Tony Hoagland What Narcissism Means to Me

This is a book of poetry I ordered from Amazon after I heard one of his poems on an NPR podcast. I absolutely adored the poem from the podcast, and the book is good, but as a whole it didn’t quite live up to the poem. What I like about Hoagland is his sense of humor and the ordinariness of his subjects. He reminds me of Billy Collins in that way, except Hoagland is, even more than Collins, totally a creature of contemporary pop culture. He’s good, though. Recommended. Here’s a link to the poem I heard that led me to buy this book. It's called "A Color of the Sky"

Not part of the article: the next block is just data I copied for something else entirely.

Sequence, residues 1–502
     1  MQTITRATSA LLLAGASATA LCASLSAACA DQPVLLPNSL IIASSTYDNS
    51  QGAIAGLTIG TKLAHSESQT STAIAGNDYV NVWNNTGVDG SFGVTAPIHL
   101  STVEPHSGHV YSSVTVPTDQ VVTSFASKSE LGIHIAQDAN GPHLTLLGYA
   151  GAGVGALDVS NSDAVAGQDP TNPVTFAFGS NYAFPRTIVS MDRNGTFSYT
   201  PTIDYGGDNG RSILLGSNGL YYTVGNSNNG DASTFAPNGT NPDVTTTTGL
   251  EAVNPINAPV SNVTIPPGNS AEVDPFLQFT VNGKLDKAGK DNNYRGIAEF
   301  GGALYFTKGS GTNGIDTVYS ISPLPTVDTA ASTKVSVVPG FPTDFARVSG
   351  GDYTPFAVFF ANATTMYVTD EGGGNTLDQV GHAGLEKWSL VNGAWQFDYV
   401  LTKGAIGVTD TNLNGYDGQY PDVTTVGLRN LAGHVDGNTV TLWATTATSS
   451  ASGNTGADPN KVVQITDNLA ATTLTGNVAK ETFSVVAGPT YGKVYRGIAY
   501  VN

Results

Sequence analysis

Elizabeth Soutter Schwarzer Motherhood is Not For Wimps

Schwarzer writes a blog with the same name as this book (, which has me in fits and giggles pretty much every time I read it, so I ordered her book at the same time I got the Hoagland. As I expected, it made me laugh till I almost cried in places. I think I still like her blog better, perhaps because it’s more “right now.” I think Schwarzer's writing has also gotten better over the years, and everything in the book is from a couple years ago. In any case, I’m going to send this book off to a friend who just had her first baby – hopefully she’ll get a kick out of it.

Katharine McMahon The Alchemists Daughter